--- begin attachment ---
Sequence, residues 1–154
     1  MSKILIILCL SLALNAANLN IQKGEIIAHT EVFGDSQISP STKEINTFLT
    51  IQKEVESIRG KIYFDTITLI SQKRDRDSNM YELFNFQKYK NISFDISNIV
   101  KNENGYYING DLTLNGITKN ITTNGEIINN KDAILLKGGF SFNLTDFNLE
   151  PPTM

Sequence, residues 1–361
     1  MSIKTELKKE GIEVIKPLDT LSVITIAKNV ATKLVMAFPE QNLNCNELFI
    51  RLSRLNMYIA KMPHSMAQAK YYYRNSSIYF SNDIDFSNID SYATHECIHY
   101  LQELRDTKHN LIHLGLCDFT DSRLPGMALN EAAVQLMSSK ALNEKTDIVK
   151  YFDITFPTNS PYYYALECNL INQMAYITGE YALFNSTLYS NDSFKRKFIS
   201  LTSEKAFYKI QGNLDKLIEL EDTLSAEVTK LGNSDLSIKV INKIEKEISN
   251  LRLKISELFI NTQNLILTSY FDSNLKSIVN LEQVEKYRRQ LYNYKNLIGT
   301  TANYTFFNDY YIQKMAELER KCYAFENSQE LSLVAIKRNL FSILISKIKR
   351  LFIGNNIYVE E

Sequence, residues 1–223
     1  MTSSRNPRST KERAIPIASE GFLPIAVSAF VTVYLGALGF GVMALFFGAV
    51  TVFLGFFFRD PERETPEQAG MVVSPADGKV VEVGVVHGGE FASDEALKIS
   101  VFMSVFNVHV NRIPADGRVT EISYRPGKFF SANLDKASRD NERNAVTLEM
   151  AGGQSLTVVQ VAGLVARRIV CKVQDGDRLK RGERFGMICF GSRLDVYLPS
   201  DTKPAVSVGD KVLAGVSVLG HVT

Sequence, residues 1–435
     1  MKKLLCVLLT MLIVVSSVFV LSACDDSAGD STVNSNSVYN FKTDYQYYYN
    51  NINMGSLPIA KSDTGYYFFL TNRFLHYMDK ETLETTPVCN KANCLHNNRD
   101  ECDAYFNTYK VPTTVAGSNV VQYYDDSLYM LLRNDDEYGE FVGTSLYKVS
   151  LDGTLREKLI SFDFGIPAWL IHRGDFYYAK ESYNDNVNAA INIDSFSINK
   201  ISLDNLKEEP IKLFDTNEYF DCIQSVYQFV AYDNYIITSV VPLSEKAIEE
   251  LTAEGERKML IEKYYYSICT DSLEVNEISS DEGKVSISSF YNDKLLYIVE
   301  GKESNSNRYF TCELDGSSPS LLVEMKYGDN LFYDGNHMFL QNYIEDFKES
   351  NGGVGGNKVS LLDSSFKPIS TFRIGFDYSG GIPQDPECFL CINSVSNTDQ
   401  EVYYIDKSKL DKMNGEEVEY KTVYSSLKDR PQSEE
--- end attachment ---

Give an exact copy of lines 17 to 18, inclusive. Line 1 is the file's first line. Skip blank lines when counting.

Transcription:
    51  TVFLGFFFRD PERETPEQAG MVVSPADGKV VEVGVVHGGE FASDEALKIS
   101  VFMSVFNVHV NRIPADGRVT EISYRPGKFF SANLDKASRD NERNAVTLEM